Paper mills close as overall printing volumes decline
News of paper mill closings continues to come in and the reason is clear, according to industry experts: The overall volume of printing is down.
Bill Lamparter, president of printing industry consultancy PrintCom Consulting Group, pointed out that while the overall volume of direct mail is still rising, its growth is far from being at historical rates.
Recently, NewPage, Domtar and Fraser Papers have all announced they will soon close paper mills. NewPage, which is a major supplier to the direct marketing industry, will shut down paper machines and close a mill and converting facility this year.
The move follows its recent acquisition of paper maker Stora Enso. The company contends closing slower, lower volume machines will actually increase its production in North America this year by between 3% and 8%. It also expects to offer customers faster turnaround and delivery times for custom size and a wider range of sheet sizes.
Last year's postage increase had an impact on printing volumes, with catalog and credit card acquisition mailings down as a result. Credit card acquisition mailings “are a huge portion of overall direct mail volumes,” but as postage and paper prices have gone up, “some of it is being replaced by TV advertising, Web activity and targeted direct mail,” Lamparter said.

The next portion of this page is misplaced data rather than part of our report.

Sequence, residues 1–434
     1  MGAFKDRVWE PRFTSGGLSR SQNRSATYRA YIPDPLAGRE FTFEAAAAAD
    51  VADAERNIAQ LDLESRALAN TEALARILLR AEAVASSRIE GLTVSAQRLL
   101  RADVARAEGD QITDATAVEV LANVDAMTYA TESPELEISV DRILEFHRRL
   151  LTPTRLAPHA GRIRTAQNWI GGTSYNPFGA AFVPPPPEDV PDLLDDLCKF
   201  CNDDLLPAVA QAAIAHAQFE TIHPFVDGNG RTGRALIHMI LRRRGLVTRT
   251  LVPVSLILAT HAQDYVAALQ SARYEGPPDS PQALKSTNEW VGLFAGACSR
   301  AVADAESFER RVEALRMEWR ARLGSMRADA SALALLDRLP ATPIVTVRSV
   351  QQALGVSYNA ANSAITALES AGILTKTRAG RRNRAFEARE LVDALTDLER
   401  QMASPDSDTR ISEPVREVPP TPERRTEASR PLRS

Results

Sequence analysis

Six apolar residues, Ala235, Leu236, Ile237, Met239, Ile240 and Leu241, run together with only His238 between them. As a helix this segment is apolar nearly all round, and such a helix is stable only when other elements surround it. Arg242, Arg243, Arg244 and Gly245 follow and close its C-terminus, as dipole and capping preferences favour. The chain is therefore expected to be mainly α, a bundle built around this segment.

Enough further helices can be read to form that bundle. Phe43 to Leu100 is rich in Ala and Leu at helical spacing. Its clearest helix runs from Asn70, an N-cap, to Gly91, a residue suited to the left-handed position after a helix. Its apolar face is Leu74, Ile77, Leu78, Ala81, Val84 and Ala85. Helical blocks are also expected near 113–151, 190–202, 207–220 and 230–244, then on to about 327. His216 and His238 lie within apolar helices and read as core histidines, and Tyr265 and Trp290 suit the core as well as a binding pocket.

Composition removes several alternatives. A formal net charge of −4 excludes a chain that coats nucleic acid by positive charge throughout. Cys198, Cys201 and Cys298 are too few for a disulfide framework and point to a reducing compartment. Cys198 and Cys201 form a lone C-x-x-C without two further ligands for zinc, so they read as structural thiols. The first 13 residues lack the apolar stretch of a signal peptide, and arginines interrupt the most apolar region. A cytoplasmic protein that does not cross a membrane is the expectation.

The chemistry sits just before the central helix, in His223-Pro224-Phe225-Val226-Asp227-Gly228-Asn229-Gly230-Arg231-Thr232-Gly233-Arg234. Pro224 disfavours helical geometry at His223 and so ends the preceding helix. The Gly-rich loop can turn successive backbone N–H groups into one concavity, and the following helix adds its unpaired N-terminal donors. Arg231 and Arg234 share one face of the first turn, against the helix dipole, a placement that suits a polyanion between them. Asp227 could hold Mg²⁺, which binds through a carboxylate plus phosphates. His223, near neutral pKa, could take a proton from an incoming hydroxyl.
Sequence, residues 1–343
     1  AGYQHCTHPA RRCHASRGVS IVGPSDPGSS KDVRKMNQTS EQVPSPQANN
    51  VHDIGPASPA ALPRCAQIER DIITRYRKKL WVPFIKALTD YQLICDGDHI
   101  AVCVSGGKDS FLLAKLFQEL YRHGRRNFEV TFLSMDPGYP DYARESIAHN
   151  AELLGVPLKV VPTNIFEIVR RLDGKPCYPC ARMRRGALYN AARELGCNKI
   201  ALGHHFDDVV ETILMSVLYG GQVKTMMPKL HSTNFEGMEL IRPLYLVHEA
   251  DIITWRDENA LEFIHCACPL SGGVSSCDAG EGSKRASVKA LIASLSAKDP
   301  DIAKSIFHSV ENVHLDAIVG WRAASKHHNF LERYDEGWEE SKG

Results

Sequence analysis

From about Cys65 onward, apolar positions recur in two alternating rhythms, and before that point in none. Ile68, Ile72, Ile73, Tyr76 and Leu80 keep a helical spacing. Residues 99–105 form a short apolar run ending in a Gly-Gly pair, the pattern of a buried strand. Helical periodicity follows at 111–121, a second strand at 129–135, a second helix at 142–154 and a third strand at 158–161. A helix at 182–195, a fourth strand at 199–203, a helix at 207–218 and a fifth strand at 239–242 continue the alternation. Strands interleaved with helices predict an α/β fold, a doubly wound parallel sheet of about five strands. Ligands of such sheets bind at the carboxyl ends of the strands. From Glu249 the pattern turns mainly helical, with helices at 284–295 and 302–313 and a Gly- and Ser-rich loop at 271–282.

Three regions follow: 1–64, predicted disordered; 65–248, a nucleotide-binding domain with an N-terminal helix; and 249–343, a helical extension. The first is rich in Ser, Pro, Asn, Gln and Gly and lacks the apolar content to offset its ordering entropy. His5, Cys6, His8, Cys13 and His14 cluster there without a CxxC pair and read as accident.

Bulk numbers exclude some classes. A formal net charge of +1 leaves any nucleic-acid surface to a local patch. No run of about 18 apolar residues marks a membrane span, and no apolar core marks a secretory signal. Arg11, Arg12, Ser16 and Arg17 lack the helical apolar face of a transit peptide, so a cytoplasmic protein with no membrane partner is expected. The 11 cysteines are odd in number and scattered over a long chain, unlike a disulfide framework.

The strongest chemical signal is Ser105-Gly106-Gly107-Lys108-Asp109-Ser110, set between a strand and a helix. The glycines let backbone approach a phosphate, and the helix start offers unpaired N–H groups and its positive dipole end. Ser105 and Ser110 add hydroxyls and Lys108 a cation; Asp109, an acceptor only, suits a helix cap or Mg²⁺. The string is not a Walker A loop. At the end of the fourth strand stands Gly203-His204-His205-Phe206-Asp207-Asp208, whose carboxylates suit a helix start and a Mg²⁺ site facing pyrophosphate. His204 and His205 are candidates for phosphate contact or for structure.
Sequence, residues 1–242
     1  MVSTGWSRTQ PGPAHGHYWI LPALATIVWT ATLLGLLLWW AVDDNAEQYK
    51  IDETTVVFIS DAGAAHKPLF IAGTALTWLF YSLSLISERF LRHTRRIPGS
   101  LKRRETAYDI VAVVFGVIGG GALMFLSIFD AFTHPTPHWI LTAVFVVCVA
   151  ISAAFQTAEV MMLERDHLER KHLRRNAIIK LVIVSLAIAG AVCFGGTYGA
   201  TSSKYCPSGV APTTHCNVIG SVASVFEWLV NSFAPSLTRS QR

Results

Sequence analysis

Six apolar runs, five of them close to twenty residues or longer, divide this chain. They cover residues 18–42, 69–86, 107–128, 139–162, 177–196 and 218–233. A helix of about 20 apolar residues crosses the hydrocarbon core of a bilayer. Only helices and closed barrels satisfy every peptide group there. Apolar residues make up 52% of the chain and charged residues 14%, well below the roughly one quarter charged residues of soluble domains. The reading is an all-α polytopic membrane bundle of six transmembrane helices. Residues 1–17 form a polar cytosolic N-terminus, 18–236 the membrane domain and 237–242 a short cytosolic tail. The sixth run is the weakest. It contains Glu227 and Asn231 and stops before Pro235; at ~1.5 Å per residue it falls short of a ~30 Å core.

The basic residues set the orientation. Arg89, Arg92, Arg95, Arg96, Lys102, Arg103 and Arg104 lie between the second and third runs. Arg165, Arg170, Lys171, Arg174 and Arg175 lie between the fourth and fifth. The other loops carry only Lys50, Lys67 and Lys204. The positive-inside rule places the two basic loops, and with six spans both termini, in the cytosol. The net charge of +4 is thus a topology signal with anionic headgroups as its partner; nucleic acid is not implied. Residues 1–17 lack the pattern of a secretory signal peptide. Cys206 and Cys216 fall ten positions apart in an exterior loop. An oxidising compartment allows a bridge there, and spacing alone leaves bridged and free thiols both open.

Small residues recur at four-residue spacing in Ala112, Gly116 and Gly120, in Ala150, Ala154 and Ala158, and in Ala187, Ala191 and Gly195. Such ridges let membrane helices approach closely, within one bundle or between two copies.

“The Internet is taking a big chunk of the [paper industry's] business,” said Brian McClay, principal at TerraChoice Market Services Inc., which publishes an industry newsletter that tracks pulp and paper volumes around the world. Specifically, McClay points to the move of classified advertising to the Internet and a growing number of consumers signing up for electronic statements.
The February 2008 issue of MarketPulp Monthly reports that FSI volumes were 5% lower in the fourth quarter of 2007 compared to the previous year while mail volume was down 3%. Overall demand is expected to drop an additional 5% in 2008 and, as demand diminishes, paper mills are responding by reducing their capacity.
By reducing capacity, however, prices are likely to rise, causing marketers to reconsider their printing volumes once again, according to Lamparter.
Rick Willett, president/CEO of NewPage, said in a statement, “Right now the market is strong and we do not anticipate taking any market-related downtime.” The company didn't have any comment on possible price increases.